It's hard to believe 11-year-old Bailey Sok considers herself a shy person, because her dancing is anything but. “When I perform, I love becoming the character. The acting aspect is what I enjoy most," she says. Bailey's sassy and fierce dancing gained the attention of choreographer Matt Steffanina, who has featured her in dozens of his high-energy, insanely popular videos on YouTube. She also participated in “America's Got Talent" as a member of the dance group Buns & Roses. When she's not busy training at Millennium Dance Complex and International Dance Academy in Hollywood, CA, where can you find her? “On the golf course! I've been playing since I was 5. It's challenging, but I love everything about it."
"I'm proud of the discipline I've learned. Whenever I feel discouraged about my dancing, I'm able to find the mental strength to push on and move forward. It helps make me a better dancer and stronger person."
Birthday: February 24, 2004
Hometown: Placentia, CA
Most important lessons learned in the dance studio: Teamwork, time management and responsibility
Strangest thing in her dance bag: “Scented wood chips to keep the stink away!"
Four favorite emojis:
Advice for DS readers: “Follow your dreams, no matter how big they are. And most importantly, do you!"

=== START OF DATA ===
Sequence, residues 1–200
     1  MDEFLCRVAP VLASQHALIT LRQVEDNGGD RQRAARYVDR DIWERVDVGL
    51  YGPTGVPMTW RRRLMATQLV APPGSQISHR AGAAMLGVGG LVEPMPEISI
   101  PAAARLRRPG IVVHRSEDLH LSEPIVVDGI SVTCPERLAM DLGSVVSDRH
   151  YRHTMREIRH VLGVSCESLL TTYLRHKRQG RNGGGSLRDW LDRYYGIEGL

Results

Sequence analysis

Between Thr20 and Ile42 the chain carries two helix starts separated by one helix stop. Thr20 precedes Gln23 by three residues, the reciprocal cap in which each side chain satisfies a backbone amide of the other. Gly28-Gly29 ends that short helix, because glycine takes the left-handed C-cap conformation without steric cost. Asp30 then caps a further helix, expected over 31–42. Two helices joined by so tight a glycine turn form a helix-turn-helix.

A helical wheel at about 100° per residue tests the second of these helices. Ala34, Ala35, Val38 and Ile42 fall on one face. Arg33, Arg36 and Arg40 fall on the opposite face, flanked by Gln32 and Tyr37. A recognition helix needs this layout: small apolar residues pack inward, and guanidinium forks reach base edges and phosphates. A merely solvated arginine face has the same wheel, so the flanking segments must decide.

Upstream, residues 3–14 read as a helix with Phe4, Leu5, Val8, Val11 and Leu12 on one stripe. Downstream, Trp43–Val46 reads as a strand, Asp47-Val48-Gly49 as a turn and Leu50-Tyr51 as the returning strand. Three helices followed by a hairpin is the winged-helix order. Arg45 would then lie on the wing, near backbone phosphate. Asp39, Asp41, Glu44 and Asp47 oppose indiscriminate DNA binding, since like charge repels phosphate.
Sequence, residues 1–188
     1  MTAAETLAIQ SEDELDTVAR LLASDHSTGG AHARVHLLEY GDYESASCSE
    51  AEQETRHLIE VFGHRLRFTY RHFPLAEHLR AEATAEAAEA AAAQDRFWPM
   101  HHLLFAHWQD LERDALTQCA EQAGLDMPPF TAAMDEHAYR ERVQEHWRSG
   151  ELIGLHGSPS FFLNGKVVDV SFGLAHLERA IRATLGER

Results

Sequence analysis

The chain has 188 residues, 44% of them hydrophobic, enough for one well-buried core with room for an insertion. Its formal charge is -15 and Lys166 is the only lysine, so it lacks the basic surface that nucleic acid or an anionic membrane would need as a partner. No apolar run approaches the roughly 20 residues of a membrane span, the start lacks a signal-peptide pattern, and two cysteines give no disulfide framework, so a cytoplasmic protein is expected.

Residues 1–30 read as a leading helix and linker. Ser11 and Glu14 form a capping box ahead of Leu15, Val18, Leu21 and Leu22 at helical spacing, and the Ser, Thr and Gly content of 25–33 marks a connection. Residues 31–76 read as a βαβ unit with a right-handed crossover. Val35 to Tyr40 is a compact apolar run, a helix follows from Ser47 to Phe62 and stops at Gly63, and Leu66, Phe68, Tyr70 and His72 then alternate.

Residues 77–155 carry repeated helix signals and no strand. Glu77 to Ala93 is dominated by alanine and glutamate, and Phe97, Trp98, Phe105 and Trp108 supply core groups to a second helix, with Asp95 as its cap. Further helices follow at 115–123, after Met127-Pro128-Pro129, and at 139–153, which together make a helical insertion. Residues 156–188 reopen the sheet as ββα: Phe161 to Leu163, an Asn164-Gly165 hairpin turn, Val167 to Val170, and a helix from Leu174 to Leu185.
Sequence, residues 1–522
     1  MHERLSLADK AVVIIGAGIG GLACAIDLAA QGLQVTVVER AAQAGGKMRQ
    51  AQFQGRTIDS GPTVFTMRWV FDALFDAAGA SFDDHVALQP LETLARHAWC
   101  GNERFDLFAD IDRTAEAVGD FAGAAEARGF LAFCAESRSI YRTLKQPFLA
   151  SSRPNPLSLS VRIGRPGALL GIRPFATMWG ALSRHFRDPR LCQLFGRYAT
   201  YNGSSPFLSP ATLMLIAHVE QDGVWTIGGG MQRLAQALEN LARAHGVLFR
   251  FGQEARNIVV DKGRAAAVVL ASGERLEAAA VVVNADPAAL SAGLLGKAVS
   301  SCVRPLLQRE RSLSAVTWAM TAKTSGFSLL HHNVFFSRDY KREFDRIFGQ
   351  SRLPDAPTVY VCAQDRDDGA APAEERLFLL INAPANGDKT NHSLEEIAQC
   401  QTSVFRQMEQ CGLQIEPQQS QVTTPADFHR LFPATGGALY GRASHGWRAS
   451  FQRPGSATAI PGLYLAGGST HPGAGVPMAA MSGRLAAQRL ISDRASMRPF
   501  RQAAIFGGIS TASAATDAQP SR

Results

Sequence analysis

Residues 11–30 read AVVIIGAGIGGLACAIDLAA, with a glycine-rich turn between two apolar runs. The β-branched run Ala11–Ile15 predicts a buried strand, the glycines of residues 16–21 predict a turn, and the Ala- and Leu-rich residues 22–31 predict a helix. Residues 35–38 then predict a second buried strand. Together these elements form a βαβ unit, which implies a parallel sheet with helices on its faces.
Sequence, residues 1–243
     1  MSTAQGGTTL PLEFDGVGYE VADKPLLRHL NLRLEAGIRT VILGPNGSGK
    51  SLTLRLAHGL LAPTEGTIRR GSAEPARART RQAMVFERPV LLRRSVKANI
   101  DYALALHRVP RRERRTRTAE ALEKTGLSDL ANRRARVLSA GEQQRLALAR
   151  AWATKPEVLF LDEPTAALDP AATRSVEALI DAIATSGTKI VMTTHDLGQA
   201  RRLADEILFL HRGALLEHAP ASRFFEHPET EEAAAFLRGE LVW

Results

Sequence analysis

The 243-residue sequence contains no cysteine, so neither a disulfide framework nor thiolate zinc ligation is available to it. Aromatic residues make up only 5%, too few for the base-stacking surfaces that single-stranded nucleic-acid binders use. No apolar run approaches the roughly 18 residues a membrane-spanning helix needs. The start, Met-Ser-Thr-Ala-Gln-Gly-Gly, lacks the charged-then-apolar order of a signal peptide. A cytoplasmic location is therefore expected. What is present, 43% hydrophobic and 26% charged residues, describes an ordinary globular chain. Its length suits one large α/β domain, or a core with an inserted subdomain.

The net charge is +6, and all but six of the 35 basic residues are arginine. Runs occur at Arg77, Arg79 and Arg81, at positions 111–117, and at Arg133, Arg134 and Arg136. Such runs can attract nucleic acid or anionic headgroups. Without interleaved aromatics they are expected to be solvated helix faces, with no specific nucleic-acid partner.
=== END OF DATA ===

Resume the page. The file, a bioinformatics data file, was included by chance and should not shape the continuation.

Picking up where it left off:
(From left) Darriel Johnakin, Diego Pasillas, and Emma Sutherland (all photos by Erin Baiano)
Dance Spirit's 2019 Cover Model Search finalists: Darriel Johnakin, Diego Pasillas, and Emma Sutherland! One of them will win a spot on Dance Spirit's Fall 2019 cover. Learn more about the dancers on their profile pages, and then vote for your favorite below. You can vote once a day now through July 15.
We also want you to
get social! We'll be factoring social media likes and shares into our final tallies. Be sure to show your favorite finalist some love on Facebook, Instagram, and Twitter, sharing their profile pages and using the hashtag #DanceSpiritCMS.
Liz Imperio teaching at Hollywood Vibe, Courtesy of Hollywood Vibe
It's an increasingly common scenario: A talented dancer wins big at a competition, is offered an assistantship with a famous faculty member, and ends up leaving her hometown studio to travel with a convention. Convention-hopping has obvious benefits. Every event generates new content for dancers to post on social media, gives them a better shot at ending up on their favorite choreographers' accounts, lets them learn from the best of the best, and helps them make valuable connections. "Traveling is a great way for dancers to gain admirers around the country," says Jen Jarnot, owner of Artistic Fusion Dance Academy in Thornton, CO. "That's something every dancer craves." So it's no surprise that weekend FOMO has been blazing through studios like wildfire.
But is this jet-setter lifestyle really the most effective road to take? Can weekends of dancing with top talent truly replace the bread and butter of daily work at your home studio? The answer, according to most industry experts, is no. We asked five pros to explain why.